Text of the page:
The Morse Inequalities . Morse’s long and productive mathematical career drew particular impetus from the work on Henri Poincaré. Therefore, he contributed to the growing subject of topology always with an eye to its origins and uses in dynamics, analysis, and differential geometry and in later years was somewhat opposed to the elaborate algebraic structures created by the new generations of topologists. As he put it in a lecture in 1949: “Always the foundation and never the Cathedral.” In an early work, “Recurrent Geodesics on a Surface of Constant Negative Curvature,” he took up a topic raised by Poincaré and Jacques Hadamard and studied surfaces of constant negative curvature bounded by closed geodesics. The question he answered was: what geodesics lie entirely in the surface (and do not end on one of the boundaries)? His answer, in more modern terminology, was given as a word in the generators of the fundamental group of the surface, and Morse’s later work with Gustav Hedlund in 1944, “Unending Chess, Symbolic Dynamics and a Problem in Semigroups,” marks the earliest occurrence of what has come to be called symbolic dynamics. Using this technique, Morse was able to characterize the geodesics that lie entirely in the surface as a limit of recurrent but nonperiodic geodesics and to show that there are uncountably many of them.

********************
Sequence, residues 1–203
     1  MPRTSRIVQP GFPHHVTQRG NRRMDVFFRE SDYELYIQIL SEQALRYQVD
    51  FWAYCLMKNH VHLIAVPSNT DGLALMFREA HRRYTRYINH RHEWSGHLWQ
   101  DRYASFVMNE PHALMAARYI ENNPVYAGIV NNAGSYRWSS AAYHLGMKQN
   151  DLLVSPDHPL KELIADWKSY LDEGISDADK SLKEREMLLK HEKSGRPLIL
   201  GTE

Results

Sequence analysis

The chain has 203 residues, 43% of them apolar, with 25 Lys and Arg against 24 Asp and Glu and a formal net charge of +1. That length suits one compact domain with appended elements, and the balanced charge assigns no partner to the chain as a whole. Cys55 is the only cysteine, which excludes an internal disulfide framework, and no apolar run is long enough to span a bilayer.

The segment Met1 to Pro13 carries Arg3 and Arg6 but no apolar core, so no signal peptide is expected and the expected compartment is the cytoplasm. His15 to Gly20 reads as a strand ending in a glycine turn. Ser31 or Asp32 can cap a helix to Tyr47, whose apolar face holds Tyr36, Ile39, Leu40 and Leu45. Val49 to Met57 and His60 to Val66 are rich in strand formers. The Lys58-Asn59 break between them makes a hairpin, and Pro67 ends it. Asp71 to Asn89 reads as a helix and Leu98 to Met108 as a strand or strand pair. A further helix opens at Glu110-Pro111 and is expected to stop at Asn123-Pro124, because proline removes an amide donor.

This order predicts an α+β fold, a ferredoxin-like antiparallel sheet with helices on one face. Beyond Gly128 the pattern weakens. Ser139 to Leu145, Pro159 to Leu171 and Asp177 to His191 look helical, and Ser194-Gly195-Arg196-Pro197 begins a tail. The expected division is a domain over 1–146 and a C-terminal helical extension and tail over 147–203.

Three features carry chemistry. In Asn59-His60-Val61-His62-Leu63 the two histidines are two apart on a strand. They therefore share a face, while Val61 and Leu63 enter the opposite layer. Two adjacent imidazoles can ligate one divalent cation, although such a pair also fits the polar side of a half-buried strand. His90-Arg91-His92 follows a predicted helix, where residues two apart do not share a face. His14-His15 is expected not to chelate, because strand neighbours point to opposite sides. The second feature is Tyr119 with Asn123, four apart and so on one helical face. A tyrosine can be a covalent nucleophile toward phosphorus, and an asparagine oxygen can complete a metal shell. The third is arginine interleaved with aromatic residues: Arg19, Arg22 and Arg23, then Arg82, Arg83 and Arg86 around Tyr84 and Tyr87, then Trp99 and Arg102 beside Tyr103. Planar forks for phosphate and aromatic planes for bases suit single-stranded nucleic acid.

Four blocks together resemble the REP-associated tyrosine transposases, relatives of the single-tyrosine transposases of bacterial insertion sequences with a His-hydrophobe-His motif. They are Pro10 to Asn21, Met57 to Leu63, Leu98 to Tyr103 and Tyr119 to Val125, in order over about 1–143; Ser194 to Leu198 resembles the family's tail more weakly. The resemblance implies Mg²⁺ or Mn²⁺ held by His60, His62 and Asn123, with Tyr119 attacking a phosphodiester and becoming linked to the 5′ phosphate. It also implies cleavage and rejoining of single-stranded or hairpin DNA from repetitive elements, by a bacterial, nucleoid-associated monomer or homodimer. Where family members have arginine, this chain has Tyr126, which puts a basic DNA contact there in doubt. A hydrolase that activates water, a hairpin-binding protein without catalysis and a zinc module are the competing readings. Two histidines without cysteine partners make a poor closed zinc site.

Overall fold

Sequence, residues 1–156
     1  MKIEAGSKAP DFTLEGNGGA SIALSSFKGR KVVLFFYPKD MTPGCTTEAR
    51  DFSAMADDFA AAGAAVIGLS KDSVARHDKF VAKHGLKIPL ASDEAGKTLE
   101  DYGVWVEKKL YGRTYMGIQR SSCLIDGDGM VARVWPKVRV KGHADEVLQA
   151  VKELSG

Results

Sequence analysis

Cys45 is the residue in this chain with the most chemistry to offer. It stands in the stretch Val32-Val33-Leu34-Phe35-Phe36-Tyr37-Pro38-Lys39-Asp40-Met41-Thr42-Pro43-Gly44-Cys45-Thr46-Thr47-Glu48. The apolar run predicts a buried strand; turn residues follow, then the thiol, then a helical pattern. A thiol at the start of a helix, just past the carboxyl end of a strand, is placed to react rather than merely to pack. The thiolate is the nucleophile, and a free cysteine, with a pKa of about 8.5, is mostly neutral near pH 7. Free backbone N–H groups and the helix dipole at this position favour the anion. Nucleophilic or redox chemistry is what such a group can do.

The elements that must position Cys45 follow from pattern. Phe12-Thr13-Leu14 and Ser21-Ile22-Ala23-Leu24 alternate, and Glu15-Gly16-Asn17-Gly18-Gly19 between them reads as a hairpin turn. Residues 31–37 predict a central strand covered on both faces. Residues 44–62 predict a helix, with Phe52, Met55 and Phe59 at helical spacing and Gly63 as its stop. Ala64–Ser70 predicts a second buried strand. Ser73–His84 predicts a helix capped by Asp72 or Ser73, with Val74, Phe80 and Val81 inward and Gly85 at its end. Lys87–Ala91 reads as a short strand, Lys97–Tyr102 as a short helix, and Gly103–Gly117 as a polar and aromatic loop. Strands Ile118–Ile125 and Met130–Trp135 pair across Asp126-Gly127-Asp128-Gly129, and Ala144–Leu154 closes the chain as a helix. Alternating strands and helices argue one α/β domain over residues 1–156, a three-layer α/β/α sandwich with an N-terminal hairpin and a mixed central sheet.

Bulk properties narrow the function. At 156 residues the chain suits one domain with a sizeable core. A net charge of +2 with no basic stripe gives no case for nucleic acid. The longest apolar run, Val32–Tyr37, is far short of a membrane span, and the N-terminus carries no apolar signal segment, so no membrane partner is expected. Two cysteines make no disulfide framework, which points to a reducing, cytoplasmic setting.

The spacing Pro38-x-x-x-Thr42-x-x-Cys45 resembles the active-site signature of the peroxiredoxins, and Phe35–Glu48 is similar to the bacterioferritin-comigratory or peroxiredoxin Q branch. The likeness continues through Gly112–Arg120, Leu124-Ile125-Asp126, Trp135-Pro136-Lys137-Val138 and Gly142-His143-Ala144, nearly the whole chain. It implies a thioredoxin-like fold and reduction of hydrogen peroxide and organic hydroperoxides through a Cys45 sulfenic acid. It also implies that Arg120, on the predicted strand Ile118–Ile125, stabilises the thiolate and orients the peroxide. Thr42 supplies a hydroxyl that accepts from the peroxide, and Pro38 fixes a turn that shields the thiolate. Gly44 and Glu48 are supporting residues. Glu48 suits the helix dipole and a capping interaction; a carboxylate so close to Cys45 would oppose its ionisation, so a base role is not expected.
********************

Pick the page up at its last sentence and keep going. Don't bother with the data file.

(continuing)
In 1925 Morse published his first paper, “Relations between the Critical Points of a Real Function of n Independent Variables,” on the distribution of the critical points of a function on a manifold. (These are the points where all its first derivatives vanish.) The simplest example is the height function on a torus. One can think of the torus as an inner tube of a bicycle wheel in the vertical position. The height function has critical points at the top and bottom of the torus and at the highest and lowest points where the torus (the inner tube) meets the wheel. At these points the derivatives vanish, but the matrix, H, of their second derivatives is nondegenerate. Morse called such functions nondegenerate, and his first result was that a nondegenerate function on a manifold has a finite number of critical points. Furthermore, the critical points are of various kinds. In the case of the torus, the first distinction is between the points at the top and bottom, where the surface is locally bowl shaped, and the other two points, where the surface is locally saddle shaped. A more refined distinction, also valid on a manifold of any dimension, depends on the number of negative eigenvalues of the matrix H (which varies from critical point to critical point). Morse called the number of negative eigenvalues of the matrix H at a critical point the index of the point and defined the number mk to be the total number of critical points with k negative eigenvalues, and he showed that these numbers were related to the dimensions of the homology groups of the manifold by a series of inequalities (today called the Morse inequalities). In the case of the torus, the Morse numbers are m0 = 1, m1 = 2, m2 = 1 (working from the lowest to the highest critical point). In this case the Morse numbers coincide exactly with the dimensions of the homology groups.